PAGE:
We slinked our way out of the confines of the airport at a PTA-acceptable speed, especially given the fact that the airport gestapo is particularly nasty as Peter likes to point out, and then we took the ramp to I-94 east. We entered the turn at a fairly brisk pace in 2nd gear when Peter stood on it just past the apex, the thing did a side-step that required instant correction and then we were launched down the road. BANG! 3rd gear. BANG! 4th gear. BANG! 5th. Then he backed out of it going into 6th gear. I don't know how fast we were going (well into the triple digits), but all I know is that the light poles were melting into the barrier walls. Ummm, yeah, he wasn't exaggerating in the least, "Holy Shit!" is about the only thing I could muster right about then. And I knew my decision to do a little detour to the Motor City just became a most excellent idea.
We cruised down the freeway at 85, merged on to the Southfield freeway to go north, and then Peter grabbed a few downshifts before letting the Big Dog eat just before passing Ford headquarters. Oh Baby. We then got off a couple of exits later so we could do a driver switch, and with Peter telling me where to go (a state that comes naturally to him, I might add), I had a chance to wring the living shit out of one of the state-of the-art high-performance cars of this or any other era.
After re-adjusting my eyeballs that had been lodged somewhere in the back of my head, I gripped the wheel and that stumpy shifter, and I put my boot hard down on the throttle. The beast reared-up as if to say, "C'mon man, is that all you got?" and launched us down the road like there was a six-pack of RPGs strapped to our tail. And the sound. I loathe the use of "OMG" in this day and age, but O-M-G the thing sounded like it just pulled out of Junior Johnson's garage with a tank full of nitromethane and a couple of drums of White Lightning on board. Bad-Ass, as Peter would say, only begins to cover it.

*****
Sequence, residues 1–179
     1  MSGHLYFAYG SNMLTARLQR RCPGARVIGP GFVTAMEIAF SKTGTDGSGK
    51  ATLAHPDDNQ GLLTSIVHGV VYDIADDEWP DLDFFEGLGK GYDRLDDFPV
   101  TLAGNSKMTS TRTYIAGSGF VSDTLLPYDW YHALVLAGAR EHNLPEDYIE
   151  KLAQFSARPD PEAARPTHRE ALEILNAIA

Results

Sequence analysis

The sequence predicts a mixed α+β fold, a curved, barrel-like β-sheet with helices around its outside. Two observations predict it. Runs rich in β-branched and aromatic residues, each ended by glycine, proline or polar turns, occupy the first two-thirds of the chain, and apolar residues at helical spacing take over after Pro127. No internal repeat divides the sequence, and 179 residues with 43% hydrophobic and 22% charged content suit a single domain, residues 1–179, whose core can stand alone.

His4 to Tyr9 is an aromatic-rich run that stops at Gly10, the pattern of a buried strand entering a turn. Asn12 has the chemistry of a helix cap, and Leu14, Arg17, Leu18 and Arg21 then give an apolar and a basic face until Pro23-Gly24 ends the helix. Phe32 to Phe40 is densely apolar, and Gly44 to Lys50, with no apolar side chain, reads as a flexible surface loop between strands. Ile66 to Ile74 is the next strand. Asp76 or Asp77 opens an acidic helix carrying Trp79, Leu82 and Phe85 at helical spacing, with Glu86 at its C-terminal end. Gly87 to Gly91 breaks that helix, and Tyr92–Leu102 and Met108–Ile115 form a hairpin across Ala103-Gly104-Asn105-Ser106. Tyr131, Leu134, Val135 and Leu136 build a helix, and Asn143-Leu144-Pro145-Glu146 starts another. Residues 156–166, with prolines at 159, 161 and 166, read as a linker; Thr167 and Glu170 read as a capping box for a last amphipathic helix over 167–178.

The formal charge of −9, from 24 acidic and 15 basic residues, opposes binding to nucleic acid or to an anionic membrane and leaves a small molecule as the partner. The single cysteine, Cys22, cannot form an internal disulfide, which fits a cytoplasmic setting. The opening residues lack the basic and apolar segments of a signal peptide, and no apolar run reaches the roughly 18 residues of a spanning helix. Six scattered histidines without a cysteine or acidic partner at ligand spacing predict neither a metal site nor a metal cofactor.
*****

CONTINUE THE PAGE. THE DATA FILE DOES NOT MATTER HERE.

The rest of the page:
Just as I noticed the HUD indicate a cool 142 mph, Peter calmly mentioned that we were coming up to one of the biggest speed traps in Michigan (the Southfield freeway running through Allen Park if you must know), so I lambasted the brakes and the big brute of a car about stood on its nose. I mean, if I had false teeth they would have been rolling around on the pavement somewhere. We trundled through the Revenue Zone and ended back on I-94 going the other way, west toward the airport. Peter pointed out the three places where the cops sit, and once we were by those he gave me the magic words to "Hit it!" and we were off to the races again. For a car that weighs just over 4,000 pounds, to say that the ZL1 Camaro just flat gets it is a criminal understatement. (And can I tell you how much I love big honking V8s? V12s are magnificent and all but there is nothing, and I mean n-o-t-h-i-n-g like the brutal growl of a well-built V8, and man, the engine in the ZL1 Camaro waves its V8 freak flag high.)